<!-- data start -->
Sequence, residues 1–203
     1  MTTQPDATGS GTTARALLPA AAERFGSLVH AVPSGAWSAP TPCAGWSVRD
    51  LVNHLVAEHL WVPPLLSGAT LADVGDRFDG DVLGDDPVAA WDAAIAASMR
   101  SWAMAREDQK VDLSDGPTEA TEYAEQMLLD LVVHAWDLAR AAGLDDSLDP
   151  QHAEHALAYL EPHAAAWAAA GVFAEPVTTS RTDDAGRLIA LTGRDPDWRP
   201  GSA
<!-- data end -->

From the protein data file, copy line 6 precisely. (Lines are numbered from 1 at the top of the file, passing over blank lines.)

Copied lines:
   201  GSA